Shorebirds in winter

Waders large and small

On Christmas day, a little group of friends walked along the airport dike trail. Loose snow had drifted over the trail in places and low streamers of more snow were whisked over the meadow by capricious breezes. The shallow lagoon in front of the small shelter was covered with ice. On the ice I saw two killdeer, rather forlornly peering through the ice, unable to reach any bits of food below. Hungry and hopeful, they spent some minutes there, in vain.

Soon thereafter, I was told that killdeer are not uncommon over in the Fish Creek area, so of course I went over to look. In the parking lot, I met someone coming off the trail who reported seeing lots of killdeer out on the west side of the berm leading to the ‘island’. But—again, of course—by the time I got out there, they were not to be seen.

These observations made me think about what shorebirds might occur here in winter and the kinds of places they might be found. Consulting with some experienced birders, I used the Juneau checklist to learn which species are most likely to be seen and which are less likely. Occurrences vary from year to year, of course, but the list serves as a starting place.

“Shorebirds” include the sandpipers, plovers, godwits, and oystercatchers, earning their common collective name from their frequent use of shorelines outside of the breeding season, on migration and in winter. That’s when the species often overlap in their habitat use and bird watchers are mostly likely to see them. Nesting habitats are varied, including wet tundra, dry alpine tundra, bogs, marshes, grassy meadows, and the birds are then spread out over the landscape. All of them forage primarily for invertebrates. https://vimeo.com/661860407 (a mixed-species group at Tee Harbor; Bob Armstrong).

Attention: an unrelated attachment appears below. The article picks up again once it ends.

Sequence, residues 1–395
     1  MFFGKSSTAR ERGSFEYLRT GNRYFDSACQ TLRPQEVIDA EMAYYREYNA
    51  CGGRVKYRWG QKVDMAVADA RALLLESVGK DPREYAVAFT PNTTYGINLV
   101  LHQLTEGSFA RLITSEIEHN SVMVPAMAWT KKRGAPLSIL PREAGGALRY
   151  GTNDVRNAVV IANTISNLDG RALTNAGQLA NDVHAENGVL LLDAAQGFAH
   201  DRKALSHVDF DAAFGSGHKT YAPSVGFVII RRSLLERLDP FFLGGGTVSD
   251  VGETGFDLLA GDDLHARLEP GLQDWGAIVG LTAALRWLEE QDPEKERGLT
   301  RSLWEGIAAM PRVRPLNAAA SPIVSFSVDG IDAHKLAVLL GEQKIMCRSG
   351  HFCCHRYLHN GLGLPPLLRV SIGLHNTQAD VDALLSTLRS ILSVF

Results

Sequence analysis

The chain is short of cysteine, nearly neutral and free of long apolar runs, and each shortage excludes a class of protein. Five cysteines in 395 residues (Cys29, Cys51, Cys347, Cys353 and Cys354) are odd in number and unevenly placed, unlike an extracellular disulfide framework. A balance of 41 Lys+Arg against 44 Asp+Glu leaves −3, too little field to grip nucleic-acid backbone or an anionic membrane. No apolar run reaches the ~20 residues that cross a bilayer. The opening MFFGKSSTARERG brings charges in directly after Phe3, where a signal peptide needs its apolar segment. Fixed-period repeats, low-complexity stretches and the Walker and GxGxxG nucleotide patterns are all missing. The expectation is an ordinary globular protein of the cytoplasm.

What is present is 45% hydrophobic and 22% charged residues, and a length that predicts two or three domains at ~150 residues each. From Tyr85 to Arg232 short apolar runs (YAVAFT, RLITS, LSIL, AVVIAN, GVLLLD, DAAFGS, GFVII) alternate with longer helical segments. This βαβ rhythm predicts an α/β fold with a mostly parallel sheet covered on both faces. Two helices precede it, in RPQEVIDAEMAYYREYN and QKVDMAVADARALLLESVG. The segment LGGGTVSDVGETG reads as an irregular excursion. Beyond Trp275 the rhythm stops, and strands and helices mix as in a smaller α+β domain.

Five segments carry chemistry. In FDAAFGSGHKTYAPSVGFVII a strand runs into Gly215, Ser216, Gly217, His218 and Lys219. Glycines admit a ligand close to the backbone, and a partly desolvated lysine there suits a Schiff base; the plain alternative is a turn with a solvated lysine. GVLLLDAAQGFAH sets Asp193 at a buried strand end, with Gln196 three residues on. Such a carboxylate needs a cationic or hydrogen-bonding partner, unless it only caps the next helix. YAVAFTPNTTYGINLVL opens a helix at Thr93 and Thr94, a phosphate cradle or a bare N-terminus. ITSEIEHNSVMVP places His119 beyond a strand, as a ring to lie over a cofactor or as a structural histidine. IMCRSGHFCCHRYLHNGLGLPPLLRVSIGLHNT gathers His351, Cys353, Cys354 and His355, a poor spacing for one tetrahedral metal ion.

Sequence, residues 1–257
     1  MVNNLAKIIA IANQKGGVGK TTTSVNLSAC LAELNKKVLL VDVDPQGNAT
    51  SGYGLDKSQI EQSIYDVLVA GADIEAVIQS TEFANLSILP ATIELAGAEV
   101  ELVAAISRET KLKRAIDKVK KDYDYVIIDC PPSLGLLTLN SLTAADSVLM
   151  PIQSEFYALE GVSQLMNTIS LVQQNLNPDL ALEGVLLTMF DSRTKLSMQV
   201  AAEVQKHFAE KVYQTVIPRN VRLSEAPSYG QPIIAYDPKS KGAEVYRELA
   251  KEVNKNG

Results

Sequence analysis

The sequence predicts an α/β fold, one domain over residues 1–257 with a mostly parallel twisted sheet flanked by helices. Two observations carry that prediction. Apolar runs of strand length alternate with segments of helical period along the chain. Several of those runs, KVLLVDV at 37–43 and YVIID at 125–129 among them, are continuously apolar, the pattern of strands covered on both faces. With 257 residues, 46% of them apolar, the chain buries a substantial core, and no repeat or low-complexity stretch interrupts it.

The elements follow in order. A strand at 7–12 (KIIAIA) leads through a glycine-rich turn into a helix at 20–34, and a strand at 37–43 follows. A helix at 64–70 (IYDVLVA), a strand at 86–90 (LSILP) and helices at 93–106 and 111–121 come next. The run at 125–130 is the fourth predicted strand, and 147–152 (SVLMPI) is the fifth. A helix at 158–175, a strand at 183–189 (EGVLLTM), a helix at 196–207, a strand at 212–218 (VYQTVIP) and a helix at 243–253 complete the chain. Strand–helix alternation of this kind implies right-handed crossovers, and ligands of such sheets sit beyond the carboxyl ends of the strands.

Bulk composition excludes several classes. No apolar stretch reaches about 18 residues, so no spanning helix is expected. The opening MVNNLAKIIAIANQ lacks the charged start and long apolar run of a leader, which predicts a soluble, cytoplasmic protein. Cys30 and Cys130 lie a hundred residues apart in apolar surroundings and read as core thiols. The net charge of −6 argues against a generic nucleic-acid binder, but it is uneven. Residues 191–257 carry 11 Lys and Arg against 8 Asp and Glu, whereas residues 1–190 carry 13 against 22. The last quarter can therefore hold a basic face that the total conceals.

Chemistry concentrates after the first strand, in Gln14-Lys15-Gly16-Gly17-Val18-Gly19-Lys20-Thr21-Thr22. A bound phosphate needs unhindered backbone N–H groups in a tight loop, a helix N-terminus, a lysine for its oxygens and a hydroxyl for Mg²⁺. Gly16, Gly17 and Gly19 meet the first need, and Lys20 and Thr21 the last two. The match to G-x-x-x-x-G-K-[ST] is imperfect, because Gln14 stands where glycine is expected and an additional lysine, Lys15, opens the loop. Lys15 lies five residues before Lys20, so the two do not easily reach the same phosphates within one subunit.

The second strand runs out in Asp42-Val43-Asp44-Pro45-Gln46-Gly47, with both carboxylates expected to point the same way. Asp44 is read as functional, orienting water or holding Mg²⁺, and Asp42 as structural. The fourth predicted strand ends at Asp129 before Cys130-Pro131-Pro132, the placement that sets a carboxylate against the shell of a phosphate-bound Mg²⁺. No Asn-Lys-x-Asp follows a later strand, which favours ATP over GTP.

The rock sandpiper is reported to be common in Juneau in winter: It forages on gravelly and rocky beaches and headlands, but also on intertidal sand and mud flats. This species has been studied in upper Cook Inlet, where it is the northernmost wintering shorebird in North America. It feeds primarily on the small clam Macoma baltica, picked from the sandy-muddy flats. In midwinter, its daily energy requirements were estimated to be more than six times the basal metabolic rate—that’s a lot of clams! The subspecies in Cook Inlet has faster prey-handling times and higher rates of energy intake and of shell disposal than the more southerly subspecies.

Rock sandpipers. Photo by Bob Armstrong

The next four species are said to be uncommon or rare in Juneau in winter:

Dunlin: It is found chiefly on muddy estuaries on the coast in winter, but also on other wetlands. It eats invertebrates picked from sand and mud flats. Juveniles are apparently more vulnerable than adults to predation and to severe weather.